Tuesday, April 21, 2009

My Blog And Welcome To It!

I recently finished re-reading Peter Bagge’s remarkable 30-issue run on the comic book Hate, many of which I hadn’t read since they were first published over a decade ago (!). Hate was the first “underground” comic I ever picked up. Growing up in Montana, underground comix were buried so far underground you’d probably dig straight through to China before you found one. Consequently, my journey away from Marvel Comics was a slow one, marked by more adult but still genre-based fare like American Flagg! and Alan Moore’s run on Swamp Thing. I stumbled across Hate #3 on a trip to Minneapolis to visit family. I don’t think I’d even heard of it before. But something about it called out to me. Hate led me to discover other titles like Eightball, American Splendor and Maus, all of which conspired to make me the twisted comix-hording freak I am today. Thanks, Pete!

As opposed to the fancy, square-bound collected editions of Hate that are readily available, I dug out all thirty of the original dog-eared pamphlets from one of the cardboard comic boxes that clutter my home. I still read and buy comic books but I’ve come to realize lately that the number of titles I buy in their serialized form has dwindled to less than a handful. Part of this is the changing nature of the form. Something like 100 Bullets for instance, which I started out reading as a monthly, is so intricate and dense that the story makes more sense when read as a whole. But a far bigger reason is that most publishers aren’t giving us a good reason to pick up the monthly anymore. While re-visiting Hate, I also re-read the editorials, letters columns and backup features. Letters are virtually non-existent in comics anymore and editorials are falling by the wayside themselves. The few titles I do follow on a month-to-month basis (or would if they were published that consistently), such as Criminal, Doktor Sleepless, Casanova, and Fell, all have additional text features that are at least as interesting as the stories themselves. I can’t imagine I’m the only one that misses these backups.

Interestingly (to me anyway), while I was a religious follower of letter columns, I never once submitted a letter to a comic. On a trip back to the ole Montana homestead a few years back, I discovered my one and only attempt at being a letterhack, a short missive in reference to an unremarkable issue of The Amazing Spider-Man written when I was about 11 years old. I remember thinking at the time that this would be my opening salvo in a concentrated letter-writing campaign to Marvel. I had my sights set on being the T.M. Maple of Montana (give yourself a No-Prize if you get that reference, Effendi!). However, I wisely decided that my observations on Aunt May were not especially profound and the letter remained unsent.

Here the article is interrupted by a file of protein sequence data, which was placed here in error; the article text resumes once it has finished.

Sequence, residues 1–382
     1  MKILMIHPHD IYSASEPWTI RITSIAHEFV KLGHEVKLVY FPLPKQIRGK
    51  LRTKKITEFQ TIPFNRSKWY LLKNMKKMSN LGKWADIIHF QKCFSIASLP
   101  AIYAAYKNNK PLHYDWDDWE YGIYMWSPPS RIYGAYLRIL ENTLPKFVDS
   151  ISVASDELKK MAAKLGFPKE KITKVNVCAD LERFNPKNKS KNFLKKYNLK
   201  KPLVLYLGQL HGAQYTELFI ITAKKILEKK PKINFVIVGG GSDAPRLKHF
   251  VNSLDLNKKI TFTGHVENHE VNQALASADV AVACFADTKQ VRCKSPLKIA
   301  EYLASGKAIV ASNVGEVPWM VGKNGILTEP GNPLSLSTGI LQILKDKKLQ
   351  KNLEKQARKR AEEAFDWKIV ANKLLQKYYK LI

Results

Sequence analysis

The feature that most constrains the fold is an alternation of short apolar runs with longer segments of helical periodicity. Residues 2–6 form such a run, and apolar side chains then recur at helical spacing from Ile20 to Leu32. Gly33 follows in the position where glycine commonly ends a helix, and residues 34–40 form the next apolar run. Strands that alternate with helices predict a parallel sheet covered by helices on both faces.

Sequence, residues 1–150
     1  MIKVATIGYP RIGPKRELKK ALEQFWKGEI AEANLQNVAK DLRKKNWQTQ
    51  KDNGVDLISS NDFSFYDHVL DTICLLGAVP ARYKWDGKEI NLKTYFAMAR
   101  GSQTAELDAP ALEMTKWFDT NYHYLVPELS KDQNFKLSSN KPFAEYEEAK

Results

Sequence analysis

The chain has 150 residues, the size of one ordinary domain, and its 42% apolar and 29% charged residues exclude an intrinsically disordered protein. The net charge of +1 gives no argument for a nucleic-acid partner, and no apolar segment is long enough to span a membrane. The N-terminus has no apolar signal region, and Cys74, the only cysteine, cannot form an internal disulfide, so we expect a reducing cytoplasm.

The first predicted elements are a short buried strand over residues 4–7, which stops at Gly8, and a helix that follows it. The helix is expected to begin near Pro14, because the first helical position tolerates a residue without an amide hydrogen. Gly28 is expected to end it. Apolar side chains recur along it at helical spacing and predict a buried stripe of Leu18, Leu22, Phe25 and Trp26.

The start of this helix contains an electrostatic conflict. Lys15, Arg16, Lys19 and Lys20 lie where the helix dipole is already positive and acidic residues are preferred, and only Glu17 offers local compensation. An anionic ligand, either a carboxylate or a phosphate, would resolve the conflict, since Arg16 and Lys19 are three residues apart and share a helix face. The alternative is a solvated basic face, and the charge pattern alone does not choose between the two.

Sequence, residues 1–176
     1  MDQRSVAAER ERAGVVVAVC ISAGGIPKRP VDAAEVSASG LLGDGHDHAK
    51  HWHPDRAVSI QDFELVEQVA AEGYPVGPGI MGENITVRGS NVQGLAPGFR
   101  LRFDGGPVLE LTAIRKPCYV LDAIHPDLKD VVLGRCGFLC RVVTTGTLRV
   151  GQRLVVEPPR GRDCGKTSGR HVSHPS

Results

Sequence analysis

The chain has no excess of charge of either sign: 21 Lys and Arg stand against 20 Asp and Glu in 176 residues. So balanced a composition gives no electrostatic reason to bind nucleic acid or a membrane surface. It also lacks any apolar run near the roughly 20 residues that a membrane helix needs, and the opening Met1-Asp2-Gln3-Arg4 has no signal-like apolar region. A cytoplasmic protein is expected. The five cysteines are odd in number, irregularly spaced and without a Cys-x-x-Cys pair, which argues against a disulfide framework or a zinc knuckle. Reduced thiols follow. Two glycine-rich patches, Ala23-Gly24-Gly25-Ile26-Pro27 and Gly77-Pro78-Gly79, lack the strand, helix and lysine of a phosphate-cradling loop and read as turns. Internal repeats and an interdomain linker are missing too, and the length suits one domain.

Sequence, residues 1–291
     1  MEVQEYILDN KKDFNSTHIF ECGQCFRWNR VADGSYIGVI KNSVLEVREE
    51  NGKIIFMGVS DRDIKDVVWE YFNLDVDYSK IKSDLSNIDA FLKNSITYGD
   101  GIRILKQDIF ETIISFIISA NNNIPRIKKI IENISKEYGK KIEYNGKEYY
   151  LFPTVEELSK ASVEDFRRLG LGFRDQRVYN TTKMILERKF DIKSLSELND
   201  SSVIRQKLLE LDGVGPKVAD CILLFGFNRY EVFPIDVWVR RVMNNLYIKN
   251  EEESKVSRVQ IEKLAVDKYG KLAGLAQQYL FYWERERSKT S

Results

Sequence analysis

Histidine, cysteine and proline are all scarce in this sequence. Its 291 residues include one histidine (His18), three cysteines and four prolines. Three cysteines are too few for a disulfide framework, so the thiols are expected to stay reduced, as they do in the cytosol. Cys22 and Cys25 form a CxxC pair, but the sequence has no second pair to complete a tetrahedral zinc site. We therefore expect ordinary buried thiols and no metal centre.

One of the most laudable elements of Petey O’Bagge’s Hate editorials was how he used his bully pulpit to recommend work by other cartoonists, especially self-published mini-comics and ‘zines. Reading these editorials again got me to thinking about the way the internet has forever altered the publishing world. Self-publishing is easier than ever. Once I hit “post” on this blog, I’m a self-publisher my ownself, pally! That’s all well and good but there’s something missing from all these blogs and websites. Producing your own ‘zine required ambition, persistence and skill (if not necessarily talent). Besides writing, you had to design it, lay it out, create a cover and at least put some effort into making it look like something a passerby would want to pick up. After that was done, you had to make copies, talk record stores and coffee shops into carrying it, send out copies to people like Peter Bagge in hopes of getting the word out about it…in short, it was a lot of work. I put out a ‘zine of my own when I was a kid, though I didn’t realize that’s what it was at the time. It was a fledgling attempt at writing stories and movie reviews, illustrated primarily with cartoons stolen from MAD Magazine. Its circulation was limited to theatre students and co-workers of my dad at Montana State University. I don’t have any copies of it anymore, for which I’m sure I am eternally grateful. I’m embarrassed enough by reviews I wrote two years ago, much less twenty.

These days, the ‘zine has essentially morphed into the blog which leads us to this one you’re reading right now (finally!). If you’ve read this far, odds are you either know me personally or through my work for The Digital Bits and/or Troma. I’m lucky enough to have a little cyber-corner at the Bits where I can spout off about movies and DVD (and, sigh…Blu-ray). Lately though, I’ve had ideas for articles, commentary or what-have-you that don’t fit the Bits. Thoughts about comics, books, the (gasp!) real world, etc. That’s why I’ve decided to start blogging here. If there’s one thing I’ve learned about the way my stupid brain works, it’s that once it gets fixated on an idea, it has a helluva time switching to another one before that first one gets worked out. I figure that instead of just suffering from mental constipation, I’d work those other ideas out here.

I don’t have a clue who will be reading this, if anyone, especially since I won’t be able to count on the Pete Bagge Seal o’ Approval in the back pages of Hate. If you do choose to invest a few precious minutes of your life reading this thing, I will do my utmost to make it at least a wee bit entertaining for you. I have no clue when I’ll update it or how frequently, but I’ll announce new blogs on Facebook so if you want to keep up with it, you should find me there and count me amongst your close, personal friends.

Until next time, thanks for indulging me in this new experiment. See ya soon!

Your pal,


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